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"A Lot of Times at Night I Broke Down"

By Dan Tracy, Editorial Contributor

Amanda Grau still has nightmares.

They usually flare up around the anniversary of the Pulse attack or when other shootings are reported around the nation.

“To this day, I wonder why,” Grau says.

She had come from her Tampa home on that night in June 2016 to dance with friends at the gay club, only to be terrorized by a gunman in the early-morning hours.

The emergency room of Orlando Health Orlando Regional Medical Center— just a half-mile from Pulse — quickly became inundated with victims. Dr. Chadwick Smith, a board-certified trauma surgeon, was among those on call.

After the June 12 shooting, 44 men and women arrived at the Level One Trauma Center. Of the 35 who arrived alive, all survived.

“You just kind of put your head down and keep going,” Dr. Smith recalls of that time.

One of his patients was Grau, who had four gunshot wounds. The most serious was a bullet that slammed into her back and exited underneath her right arm, deflating her right lung and missing an artery by 2 inches. She also was shot in her right leg and ankle.

Dr. Smith removed the bullet and bone fragments from her back, reinflated the lung, staunched the bleeding and sutured the wound, saving her life.

Afraid To Be Alone

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(c)Amanda Grau

Grau, now 38, spent two weeks at Orlando Health, her family often by her side. When they couldn’t be there, nurses would take up the vigil. Grau, tormented by the horrors she experienced, was afraid to be alone.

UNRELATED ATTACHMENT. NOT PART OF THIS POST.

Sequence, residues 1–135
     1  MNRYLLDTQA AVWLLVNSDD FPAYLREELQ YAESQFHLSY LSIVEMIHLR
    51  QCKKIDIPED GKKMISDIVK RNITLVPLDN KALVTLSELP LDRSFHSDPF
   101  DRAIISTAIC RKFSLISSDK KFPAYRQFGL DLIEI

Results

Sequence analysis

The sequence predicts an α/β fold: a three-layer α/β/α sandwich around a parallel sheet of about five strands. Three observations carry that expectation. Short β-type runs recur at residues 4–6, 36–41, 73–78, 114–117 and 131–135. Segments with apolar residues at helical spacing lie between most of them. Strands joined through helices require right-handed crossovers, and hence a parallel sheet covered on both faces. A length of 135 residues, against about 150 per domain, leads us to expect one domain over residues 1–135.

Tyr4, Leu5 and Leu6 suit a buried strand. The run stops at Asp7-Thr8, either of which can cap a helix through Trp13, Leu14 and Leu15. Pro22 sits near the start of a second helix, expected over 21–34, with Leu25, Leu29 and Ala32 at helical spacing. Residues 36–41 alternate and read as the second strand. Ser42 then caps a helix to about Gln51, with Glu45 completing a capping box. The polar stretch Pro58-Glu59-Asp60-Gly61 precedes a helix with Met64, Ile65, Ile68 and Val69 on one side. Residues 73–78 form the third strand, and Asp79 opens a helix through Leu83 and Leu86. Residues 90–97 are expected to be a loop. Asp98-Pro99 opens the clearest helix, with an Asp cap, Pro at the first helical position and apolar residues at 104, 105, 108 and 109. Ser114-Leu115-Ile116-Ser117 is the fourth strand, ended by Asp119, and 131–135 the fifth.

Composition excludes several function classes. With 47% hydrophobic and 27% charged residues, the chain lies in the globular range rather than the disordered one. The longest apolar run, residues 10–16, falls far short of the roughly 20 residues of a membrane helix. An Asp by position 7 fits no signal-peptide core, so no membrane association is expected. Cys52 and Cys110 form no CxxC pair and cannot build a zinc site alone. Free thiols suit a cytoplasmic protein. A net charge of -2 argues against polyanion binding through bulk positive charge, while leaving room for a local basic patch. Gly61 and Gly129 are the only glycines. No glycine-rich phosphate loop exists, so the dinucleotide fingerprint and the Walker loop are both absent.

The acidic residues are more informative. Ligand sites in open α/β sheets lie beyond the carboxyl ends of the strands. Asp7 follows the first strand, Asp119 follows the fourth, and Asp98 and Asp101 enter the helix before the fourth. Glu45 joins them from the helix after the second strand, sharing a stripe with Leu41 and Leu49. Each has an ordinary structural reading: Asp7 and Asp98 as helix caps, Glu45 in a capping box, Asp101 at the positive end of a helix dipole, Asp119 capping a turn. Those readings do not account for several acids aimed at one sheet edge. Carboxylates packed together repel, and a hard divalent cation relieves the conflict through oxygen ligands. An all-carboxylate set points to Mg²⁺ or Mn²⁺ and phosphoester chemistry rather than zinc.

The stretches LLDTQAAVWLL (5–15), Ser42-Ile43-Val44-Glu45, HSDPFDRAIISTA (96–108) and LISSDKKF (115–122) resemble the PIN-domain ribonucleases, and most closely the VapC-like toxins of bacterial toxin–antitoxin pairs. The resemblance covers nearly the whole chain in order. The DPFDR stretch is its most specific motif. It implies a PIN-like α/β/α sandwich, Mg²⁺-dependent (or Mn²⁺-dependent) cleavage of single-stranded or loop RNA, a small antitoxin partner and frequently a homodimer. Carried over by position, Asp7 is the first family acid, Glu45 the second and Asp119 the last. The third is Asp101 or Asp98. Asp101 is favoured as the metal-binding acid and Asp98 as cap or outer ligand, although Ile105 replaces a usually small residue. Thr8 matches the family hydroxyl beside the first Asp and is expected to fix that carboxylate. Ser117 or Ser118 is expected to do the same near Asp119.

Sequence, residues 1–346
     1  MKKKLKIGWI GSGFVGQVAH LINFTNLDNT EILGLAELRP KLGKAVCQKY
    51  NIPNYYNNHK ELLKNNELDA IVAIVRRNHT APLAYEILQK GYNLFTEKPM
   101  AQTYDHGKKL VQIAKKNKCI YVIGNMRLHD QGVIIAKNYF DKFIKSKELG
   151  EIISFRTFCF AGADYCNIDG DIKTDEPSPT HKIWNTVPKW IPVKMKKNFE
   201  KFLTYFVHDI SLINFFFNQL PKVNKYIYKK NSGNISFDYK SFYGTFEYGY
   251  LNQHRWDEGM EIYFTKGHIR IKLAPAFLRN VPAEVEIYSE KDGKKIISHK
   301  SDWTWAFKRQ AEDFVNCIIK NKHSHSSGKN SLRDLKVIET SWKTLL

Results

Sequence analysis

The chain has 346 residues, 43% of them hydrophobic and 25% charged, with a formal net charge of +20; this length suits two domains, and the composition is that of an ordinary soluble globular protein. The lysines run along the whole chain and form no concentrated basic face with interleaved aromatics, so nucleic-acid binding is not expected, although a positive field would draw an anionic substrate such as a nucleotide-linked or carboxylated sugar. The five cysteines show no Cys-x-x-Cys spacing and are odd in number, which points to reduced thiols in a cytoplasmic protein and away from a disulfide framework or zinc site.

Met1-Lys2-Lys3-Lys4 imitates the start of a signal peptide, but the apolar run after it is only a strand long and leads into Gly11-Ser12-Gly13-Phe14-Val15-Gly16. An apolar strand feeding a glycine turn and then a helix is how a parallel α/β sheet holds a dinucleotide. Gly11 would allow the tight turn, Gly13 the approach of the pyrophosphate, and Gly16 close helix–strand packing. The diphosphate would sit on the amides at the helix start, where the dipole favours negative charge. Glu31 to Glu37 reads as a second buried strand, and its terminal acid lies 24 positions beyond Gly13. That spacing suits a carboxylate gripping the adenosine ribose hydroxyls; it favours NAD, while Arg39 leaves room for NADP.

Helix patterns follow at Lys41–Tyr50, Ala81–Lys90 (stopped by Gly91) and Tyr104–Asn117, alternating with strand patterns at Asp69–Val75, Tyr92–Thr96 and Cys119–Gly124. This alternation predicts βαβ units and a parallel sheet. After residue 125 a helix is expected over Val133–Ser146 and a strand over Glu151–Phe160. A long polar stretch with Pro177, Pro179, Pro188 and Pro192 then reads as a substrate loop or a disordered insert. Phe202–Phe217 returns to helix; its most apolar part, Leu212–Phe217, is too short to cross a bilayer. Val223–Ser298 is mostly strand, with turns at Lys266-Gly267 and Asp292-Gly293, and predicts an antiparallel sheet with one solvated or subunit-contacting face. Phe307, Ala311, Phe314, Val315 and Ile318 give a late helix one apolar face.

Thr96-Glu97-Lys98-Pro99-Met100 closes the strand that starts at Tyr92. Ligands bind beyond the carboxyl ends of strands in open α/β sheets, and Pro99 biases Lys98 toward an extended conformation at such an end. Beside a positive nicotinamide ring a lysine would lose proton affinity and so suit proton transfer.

“They were all so wonderful and compassionate,” she said. “There were a lot of times at night I broke down.”

Her care didn’t end once she left Orlando Health ORMC after two weeks. She spent another two weeks at a Tampa hospital near her home and then returned to Orlando for additional plastic surgeries performed by Dr. Richard Klein, chief of the Orlando Health Aesthetic and Reconstructive Surgery Institute.

In multiple procedures, Dr. Klein used skin grafts to cover the wound and scarring caused by the gunshot to her back. He cared for Grau again two years ago, when the graft underneath her arm became so uncomfortable that she had trouble sleeping.

Grau says Dr. Klein was especially kind to her. “He always greeted me with a smile,” she says, “asked me how I was doing.”

Dr. Klein, who performed reconstructive surgery on seven Pulse survivors, says he took the attack at the nightclub personally. Like many of the patrons at Pulse, he is a member of the LGBTQ community.

“I could commiserate with them,” he says. “We are a small community, and there is a feeling of family toward each other.”

Counseling Helped Deal with Trauma

Grau underwent physical therapy for a year, relearning how to use her right arm and walk. She also had counseling to help deal with the mental trauma.

One highlight of her recovery occurred September 15, 2016, when she appeared on The Dr. Oz Show, broadcast from New York City. Dr. Oz was discussing the Pulse tragedy with Dr. Smith and four other Orlando Health doctors when he invited Grau onstage to talk about the care she received.

By that time, Grau was able to walk with the aid of a cane. “It was such a good feeling,” she says, “to show them that I had come so far.

“I owe all those doctors my life.”

Now an EMT, Grau was awarded one of 49 scholarships from the onePULSE Foundation and plans to enroll this fall in an Orlando school to become a paramedic.

She has successfully rebuilt her life, going back to work full-time in February 2017 and marrying Jazmin Espada less than a year later.

The Pulse shooting and the care she received at Orlando Health, Grau says, reconfirmed her commitment to serving others. She works two jobs, as a nurse tech and EMT, sometimes putting in nearly 60 hours a week.

“I love what I do,” she says. “I love to help out.”

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